Where do we start? “The first step is relationships: invite them over for dinner and coffee, not even to discuss issues, but getting to know people,” Loritts suggested.

On Tuesday night, Rebekah Lyons, co-founder of Q Ideas, spoke from the messages laced in her recent book, “You Are Free,” pleading with the student body to break the bondages in their lives.

According to Lyons, the first female Convocation speaker in Lee history, our biggest obstacle is our own mentality. “It’s hard to understand the love of God if you are in the spirit of an orphan,” Lyons said. “The Gentiles, us, are the people in the corners that are now adopted in.”

Lyons suggested that it is our own assessment of our shortcomings, not God’s assessment that we wrongly listen to. “God speaks to us, saying ‘I don’t measure your worth in ability, but in identity,’” Lyons said. “It takes recognizing that you are not an orphan to be freed from bondage.”

She applied the story of her own life to the message of bondage. She sought “public affection” for so long, yet came to the heartbreaking truth that it “cannot heal private rejection.”

Lyons shared a vision for what a freed student body would look like. She said, “The world should be at our doors asking ‘can I be a part of that?’”

Lyons concluded her message with an earnest prayer and a sharp challenge: “Bitterness can choke and rob you of the Spirit, of joy and of newness. Who in your life do you need to forgive?”

On Wednesday, the final night of Convocation, Lee University’s Dean of the School of Religion Dr. Terry Cross presented a message on sacrifice, sourced from Malachi 1. Reflecting on the subject, Cross said, “The beginning of Malachi begins with ‘A burden, A word from the Lord’—that’s like the weight I had.”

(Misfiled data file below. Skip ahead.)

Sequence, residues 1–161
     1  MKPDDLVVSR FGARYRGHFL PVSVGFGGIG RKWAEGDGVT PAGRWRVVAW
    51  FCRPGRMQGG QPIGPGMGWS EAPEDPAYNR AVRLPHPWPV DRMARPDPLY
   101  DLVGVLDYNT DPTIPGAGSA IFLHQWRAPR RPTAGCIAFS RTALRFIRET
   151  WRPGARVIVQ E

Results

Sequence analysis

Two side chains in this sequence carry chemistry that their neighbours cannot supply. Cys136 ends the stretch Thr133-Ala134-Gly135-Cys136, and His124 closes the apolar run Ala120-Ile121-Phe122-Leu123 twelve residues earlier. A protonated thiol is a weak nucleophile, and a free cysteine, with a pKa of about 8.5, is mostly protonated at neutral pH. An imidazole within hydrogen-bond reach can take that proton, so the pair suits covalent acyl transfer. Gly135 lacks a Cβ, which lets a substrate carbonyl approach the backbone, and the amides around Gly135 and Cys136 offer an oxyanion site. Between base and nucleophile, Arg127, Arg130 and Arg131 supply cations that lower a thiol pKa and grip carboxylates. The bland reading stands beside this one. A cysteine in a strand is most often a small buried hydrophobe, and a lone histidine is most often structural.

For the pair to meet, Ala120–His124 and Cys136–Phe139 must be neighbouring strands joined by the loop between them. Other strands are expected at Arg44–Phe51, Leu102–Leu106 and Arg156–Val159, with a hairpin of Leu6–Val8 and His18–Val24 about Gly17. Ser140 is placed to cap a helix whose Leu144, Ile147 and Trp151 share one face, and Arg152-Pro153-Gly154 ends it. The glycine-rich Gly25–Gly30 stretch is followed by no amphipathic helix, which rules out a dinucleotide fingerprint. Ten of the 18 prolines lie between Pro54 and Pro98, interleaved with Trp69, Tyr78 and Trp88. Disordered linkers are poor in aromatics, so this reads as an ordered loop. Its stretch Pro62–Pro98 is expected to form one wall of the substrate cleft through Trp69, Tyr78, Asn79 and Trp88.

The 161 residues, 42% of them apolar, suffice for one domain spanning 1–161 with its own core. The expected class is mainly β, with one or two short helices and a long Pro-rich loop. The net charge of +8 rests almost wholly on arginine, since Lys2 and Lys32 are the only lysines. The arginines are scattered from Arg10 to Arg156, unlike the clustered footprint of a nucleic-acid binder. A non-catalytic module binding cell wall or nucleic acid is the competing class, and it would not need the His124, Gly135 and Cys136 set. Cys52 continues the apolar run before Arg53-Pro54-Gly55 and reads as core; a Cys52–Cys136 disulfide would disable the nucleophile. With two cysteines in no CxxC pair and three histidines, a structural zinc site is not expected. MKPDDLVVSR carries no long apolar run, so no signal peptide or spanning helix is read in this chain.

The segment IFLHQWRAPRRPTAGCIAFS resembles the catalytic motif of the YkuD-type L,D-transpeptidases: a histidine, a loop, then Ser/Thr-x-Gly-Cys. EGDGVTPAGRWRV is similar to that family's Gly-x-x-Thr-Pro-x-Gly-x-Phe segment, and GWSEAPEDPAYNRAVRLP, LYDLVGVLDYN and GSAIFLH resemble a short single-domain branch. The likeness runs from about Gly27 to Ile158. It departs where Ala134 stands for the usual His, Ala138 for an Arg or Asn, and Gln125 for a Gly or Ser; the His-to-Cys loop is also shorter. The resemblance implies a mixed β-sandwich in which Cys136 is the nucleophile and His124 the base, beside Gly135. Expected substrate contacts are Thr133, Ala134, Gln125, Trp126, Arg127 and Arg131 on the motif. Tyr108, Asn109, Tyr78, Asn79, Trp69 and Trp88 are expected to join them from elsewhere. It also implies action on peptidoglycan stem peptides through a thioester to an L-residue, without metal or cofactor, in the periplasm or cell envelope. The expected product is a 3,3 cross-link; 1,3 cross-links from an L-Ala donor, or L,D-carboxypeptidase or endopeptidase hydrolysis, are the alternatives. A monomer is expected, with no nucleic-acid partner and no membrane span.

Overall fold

Cross drew the assessment that like the Israelites and their livestock, we too present half sacrifices. “The Israelites would say ‘Yahweh doesn’t take care of us, so why should we take care of him?’ So they brought blind, lame and blemished sacrifices,” Cross said. “Halfway obedience profanes the table of the Lord.”

Like the previous speakers in Convocation, Cross challenged the audience, “Do we give Him full worship in Chapel and then only half when we leave? Do we give God selected pickings?”

Transitioning to discuss another form of sacrifice mentioned in Scripture, Cross contrasted the passages of Leviticus 22 and Romans 12 as illustrations of presenting oneself. “The Gospel of Grace is our ability to bring baggage and all before God,” Cross said. “God doesn’t save us to leave us in our misery, but to save us and give us the greatest return.”

His message concluded with a tearful reminder that “out of our own gratefulness, we exclaim: ‘here I am, Lord.’”

After the chapel band brought Fall 2017 Convocation to a close, Cross reflected, “I’ve seen a lot of Convocations. This one had something very special to it. The people in the audience were very engaged and involved. They took it seriously, and the fact that attendance was so large even on the last night was amazing to me.” Cross said there is “really good hope” for this student body.

According to Conn, in moving forward “every student should take responsibility for his or her own communication with God. I’m willing to trust whatever that means.”